With the trades of Andrew Bailey, Trevor Cahill, and Gio Gonzalez, I hope we're now all on the same page. 2015 or bust. Over the next two years, there will be a lot of baseball that is difficult to watch. Hopefully, there's growth and signs that the future is in fact bright. I'm not inventing any new doctrine with this next statement, but I'd rather watch a terrible team on which each player is under 25 than a mediocre team with a bunch of veterans that leave little to the imagination.
Which would be good for a number of reasons. Most obviously perhaps, building a baseball team internally, whether through the draft, trades for prospects, or international signings, is the most cost effective manner by which to build. The A's have no choice but to use cost-effective means to build a team. You may have seen a major motion picture describing this phenomenon. Another side effect of a roster full of young players (meaning pre-arbitration) is that they're ridiculously cheap. Not one of them will make a million dollars in a season. Having a roster full of players with less than three years experience would create a payroll as low as $20 million.
That said, the MLB Players Association has certain....let's call it expectations. The MLBPA is one of the most powerful unions in operation, made so by fierce leader Marvin Miller and helped enormously by the Peter Seitz decision regarding Andy Messersmith and Dave McNally in 1975, effectively creating free agency. The players association would never allow a team to artificially hold salaries down by having no veterans on the roster, despite that being the optimal strategy for the organization. There's a breakeven point at which the A's could satisfy the MLBPA while spending as little money as possible. Where is that point?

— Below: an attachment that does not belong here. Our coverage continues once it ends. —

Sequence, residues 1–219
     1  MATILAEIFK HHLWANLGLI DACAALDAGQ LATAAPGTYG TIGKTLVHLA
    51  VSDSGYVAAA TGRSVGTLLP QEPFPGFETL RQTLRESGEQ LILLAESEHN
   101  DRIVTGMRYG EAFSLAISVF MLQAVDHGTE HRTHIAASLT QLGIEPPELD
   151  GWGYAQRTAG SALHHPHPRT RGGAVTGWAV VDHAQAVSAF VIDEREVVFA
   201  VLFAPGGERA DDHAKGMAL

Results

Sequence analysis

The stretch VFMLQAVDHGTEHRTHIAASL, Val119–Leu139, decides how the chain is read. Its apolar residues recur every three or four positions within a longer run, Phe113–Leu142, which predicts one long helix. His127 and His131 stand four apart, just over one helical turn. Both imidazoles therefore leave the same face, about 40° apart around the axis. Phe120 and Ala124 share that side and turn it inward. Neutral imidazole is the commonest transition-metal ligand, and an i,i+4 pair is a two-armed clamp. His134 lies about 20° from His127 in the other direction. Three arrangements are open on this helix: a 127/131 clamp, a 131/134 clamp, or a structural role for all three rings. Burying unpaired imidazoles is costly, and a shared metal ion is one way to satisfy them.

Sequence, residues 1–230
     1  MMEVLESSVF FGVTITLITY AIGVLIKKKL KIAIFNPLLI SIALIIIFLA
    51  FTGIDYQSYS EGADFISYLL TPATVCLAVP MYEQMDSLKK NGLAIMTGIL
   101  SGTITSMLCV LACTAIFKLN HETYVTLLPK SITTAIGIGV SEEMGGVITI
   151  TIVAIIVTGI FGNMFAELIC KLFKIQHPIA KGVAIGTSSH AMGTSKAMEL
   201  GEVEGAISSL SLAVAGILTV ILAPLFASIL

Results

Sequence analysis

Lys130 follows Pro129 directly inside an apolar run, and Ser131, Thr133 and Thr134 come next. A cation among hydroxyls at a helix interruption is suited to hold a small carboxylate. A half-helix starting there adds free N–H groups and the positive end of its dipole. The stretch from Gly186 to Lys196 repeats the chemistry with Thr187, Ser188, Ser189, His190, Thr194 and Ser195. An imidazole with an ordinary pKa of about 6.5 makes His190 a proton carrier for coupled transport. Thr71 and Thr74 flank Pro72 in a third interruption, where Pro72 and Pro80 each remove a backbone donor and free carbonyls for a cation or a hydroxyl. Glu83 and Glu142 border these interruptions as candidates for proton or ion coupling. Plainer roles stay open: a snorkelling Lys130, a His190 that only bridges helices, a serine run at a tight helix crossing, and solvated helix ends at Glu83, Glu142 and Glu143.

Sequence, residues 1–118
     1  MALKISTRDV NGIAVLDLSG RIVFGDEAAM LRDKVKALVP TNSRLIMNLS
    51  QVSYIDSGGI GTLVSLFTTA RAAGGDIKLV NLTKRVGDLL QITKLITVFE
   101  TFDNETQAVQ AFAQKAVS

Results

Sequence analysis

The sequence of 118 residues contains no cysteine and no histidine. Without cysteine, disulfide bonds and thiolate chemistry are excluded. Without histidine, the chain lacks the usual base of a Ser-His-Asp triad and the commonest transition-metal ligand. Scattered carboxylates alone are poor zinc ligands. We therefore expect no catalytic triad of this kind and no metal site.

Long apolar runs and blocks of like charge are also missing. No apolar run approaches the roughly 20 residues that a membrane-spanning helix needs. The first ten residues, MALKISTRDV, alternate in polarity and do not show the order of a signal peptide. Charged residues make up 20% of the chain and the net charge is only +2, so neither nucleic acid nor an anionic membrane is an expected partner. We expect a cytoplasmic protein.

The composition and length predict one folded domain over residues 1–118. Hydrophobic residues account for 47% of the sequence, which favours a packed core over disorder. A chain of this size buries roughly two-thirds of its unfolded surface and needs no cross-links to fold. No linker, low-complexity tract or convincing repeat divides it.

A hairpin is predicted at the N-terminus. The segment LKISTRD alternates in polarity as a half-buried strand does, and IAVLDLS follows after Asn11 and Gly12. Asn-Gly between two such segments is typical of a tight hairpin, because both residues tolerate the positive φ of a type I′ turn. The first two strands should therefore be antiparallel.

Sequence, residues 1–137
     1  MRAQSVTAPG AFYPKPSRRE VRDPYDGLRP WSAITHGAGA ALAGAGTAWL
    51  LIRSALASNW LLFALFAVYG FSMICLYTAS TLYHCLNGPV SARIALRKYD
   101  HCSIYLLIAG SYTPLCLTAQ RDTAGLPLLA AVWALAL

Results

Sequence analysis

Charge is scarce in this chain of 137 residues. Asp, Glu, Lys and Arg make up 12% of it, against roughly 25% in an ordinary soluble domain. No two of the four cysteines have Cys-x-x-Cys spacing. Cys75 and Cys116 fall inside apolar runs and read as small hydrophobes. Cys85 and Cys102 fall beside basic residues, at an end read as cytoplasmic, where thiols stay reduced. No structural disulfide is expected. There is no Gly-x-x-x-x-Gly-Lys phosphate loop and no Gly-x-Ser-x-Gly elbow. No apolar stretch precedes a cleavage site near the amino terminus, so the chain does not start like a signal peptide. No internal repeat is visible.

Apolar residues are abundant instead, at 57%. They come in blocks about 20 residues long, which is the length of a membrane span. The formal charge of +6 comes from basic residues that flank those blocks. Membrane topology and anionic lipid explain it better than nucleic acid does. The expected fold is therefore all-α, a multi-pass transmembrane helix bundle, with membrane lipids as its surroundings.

Here's a breakdown of the A's payroll over the last ten years (courtesy of Cot's Contracts):
- 2011: $67,094,000
- 2010: $58,304,900
- 2009: $62,310,000
- 2008: $47,967,126
- 2007: $79,366,940
- 2006: $62,242,079
- 2005: $55,425,762
- 2004: $59,425,667
- 2003: $50,260,834
- 2002: $40,004,167
- Nationals 2007: $37,347,500
- Marlins 2009: $36,834,000
- Marlins 2007: $30,507,000
- Rays 2007: $24,123,500
- Marlins 2008: $21,811,500
- Just for kicks, the 2006 Marlins had an Opening Day payroll of $14,998,500!)
- The minimum for 2011 was $38,176,000 for the Royals, followed by around $42 million for the Pirates and Rays.
They've spent between $40 and 80 million in each of the last ten seasons, averaging about $58 million. In the last five years that average is $63 million with a minimum of $48 million. Let's round and call the minimum $50 million, which probably accounts for a small bit of inflation and the like.
I went back through each team's payroll for the last five years to find the smallest payrolls. Here's the bottom five:
After re-signing Coco Crisp, a move that raised some eyebrows around here, the A's have eight players under contract for next year for just over $28 million. They have 31 more players on the 40-man roster with under three years of experience, meaning they'll be paid between $200,000 and $900,000 for the coming season. If we call that $600,000 per player, that's another $10 million, putting us shy of $40 million in total team payroll. The A's have made it very clear that they don't plan to contend this coming season, so $40 million might be enough to satisfy the MLBPA.
Of course, the A's are short on outfielders, and someone had to play centerfield. It just so happens that that someone likely won't be around when the A's have a chance to be good again, but it's not hard to imagine Coco earning his $6 million this season. He could prove to be a valuable trade chip this summer or next offseason. But I think his contract as much as anything was about making sure the A's spend enough money on players to not hear from Michael Weiner and his posse at the MLBPA this winter, and I wouldn't be surprised if there's one or two more like it still to come (looking at you, Cody Ross).